By: Molly Shadle
Reading articles about artists is interesting enough, but what about those of us who consume the music and are part of the community and experience that comes from the music created by or favorite bands and musicians? I had the opportunity to sit down with Ryan Hoke, a student here at West Virginia University, who makes music a huge part of his life (and budget).
Ryan is a Senior Religious Studies major, originally from Charleston, WV. I asked Ryan questions about the his personal relationship with the music culture in Morgantown and what he thinks it means for the city’s future.
Molly: How involved would you consider yourself in the music scene here in Morgantown?
Ryan: Well, I would say that where the majority of my money goes, and I know a lot of people who perform. A lot of my friends are DJs here or work at the venues, in fact that’s my roommate playing music right now.
M: So you, yourself do not play any instruments or in a band?
Ryan: I do not play, I would consider myself the appreciater, they (musicians) need me to appreciate and enjoy their creations. That’s definitely one of my favorite things about being friends with artists here, is the joy they get out of playing for people who in return get joy out of their music… it’s a great thing.
M: Even though you aren’t a performer yourself, how has music had an influence on your life?
Ryan: Well, I’d say that one of my favorite things to do in the entire world is dance and I need music to dance to, so it’s been a very valuable source of joy in my life. And like I said that’s where the majority of my money goes… It’s just the entire culture of music and people that surround it that can put such a large group of people in such a good mood…it’s a bonding experience.
M: Would you say that’s the most important part of music in Morgantown is to you personally, the bonding experience?
Ryan: Obviously it’s a big part of it, not everyone shares the same taste or values, but music can bring people together to dance and express themselves in a positive way.. it’s a great way to unify people and find connections.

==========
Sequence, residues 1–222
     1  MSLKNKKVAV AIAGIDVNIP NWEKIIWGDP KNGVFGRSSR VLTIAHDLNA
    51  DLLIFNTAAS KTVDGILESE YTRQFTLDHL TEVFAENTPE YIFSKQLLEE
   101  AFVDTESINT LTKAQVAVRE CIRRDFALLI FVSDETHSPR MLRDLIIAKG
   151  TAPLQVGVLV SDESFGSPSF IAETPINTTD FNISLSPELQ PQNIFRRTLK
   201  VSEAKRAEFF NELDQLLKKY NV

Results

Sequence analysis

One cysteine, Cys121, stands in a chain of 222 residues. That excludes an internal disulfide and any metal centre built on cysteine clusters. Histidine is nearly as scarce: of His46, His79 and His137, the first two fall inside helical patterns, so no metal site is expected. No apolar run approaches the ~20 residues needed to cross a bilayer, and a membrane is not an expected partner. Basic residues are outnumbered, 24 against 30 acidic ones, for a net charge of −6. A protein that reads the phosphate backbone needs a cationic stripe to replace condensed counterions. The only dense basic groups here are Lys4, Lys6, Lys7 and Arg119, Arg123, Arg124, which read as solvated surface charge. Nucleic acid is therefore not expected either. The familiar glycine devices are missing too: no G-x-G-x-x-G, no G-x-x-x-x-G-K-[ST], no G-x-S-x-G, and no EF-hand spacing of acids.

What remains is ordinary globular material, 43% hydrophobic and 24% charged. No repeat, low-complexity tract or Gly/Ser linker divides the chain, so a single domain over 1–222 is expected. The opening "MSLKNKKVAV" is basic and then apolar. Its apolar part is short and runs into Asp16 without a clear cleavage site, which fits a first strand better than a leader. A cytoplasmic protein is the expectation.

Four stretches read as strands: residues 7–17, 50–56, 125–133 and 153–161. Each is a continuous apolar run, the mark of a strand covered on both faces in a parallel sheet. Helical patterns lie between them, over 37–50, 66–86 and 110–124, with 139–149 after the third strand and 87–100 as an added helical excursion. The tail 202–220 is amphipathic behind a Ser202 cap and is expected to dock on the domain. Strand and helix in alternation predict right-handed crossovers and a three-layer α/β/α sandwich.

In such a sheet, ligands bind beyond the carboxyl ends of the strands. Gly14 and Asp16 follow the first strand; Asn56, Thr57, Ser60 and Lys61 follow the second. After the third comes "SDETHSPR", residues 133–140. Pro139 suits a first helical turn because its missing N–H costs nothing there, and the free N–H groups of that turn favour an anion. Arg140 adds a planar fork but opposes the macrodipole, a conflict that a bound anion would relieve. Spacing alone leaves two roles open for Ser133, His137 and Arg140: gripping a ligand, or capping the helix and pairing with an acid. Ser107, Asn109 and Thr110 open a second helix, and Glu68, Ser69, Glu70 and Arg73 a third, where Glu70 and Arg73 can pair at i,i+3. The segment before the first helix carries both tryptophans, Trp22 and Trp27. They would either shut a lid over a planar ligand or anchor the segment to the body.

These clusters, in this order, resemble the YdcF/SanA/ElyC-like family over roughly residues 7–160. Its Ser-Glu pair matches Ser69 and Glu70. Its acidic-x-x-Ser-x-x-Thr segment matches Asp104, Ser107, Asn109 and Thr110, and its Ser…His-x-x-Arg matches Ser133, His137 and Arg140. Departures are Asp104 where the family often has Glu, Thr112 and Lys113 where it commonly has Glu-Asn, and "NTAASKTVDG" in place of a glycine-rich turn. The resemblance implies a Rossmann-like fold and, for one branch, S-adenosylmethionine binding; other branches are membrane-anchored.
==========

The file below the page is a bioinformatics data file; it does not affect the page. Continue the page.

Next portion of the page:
M: That’s awesome, so what changes do you see happening to the music culture here in Morgantown?
Ryan: One of the most influential changes recently in my opinion would be the addition of Mainstage..
M: Before Mainstage was in Morgantown, where would you go to see live music?
Ryan: Before… the usual place I would go to see music would be 123 Pleasant St. but, even then they (123 Pleasant St.) weren’t necessarily getting that large of names… Sometimes places like Lux or Bent Willy’s might have a prominent DJ or two play there. Now with they addition of Mainstage we are seeing headliners and huge names that most people would never think would come to Morgantown.
M: Where would you say you see music in Morgantown in the future then?
Ryan: The way it looks to me is that Mainstage will continue to have prominent artists, and the more of us that go to the shows will make Morgantown an even bigger hotspot for artists to come to. I guarantee that the music scene is going to grow, it might not be as large as places like Pittsburgh but I can definitely see us getting up there.
M: How do you think that will impact Morgantown as a whole?
Ryan: I personally think that it’s going to be a very positive impact, of course. It’s going to attract a lot of visitors from not only out of the city but out of the state to come, so it’s definitely going to improve tourism…which will bring more people and ideas.. and hopefully create a more colorful culture overall. I think the best thing that could happen the expansion of music culture in Morgantown is to alter even more so the views of people here to more accepting of diversity and the arts and new ideas.
Molly: Is there anything else you would like to add?
Ryan: Morgantown has the potential of being a very great, creative, and unique city and I would definitely like to see that grow over the next couple years.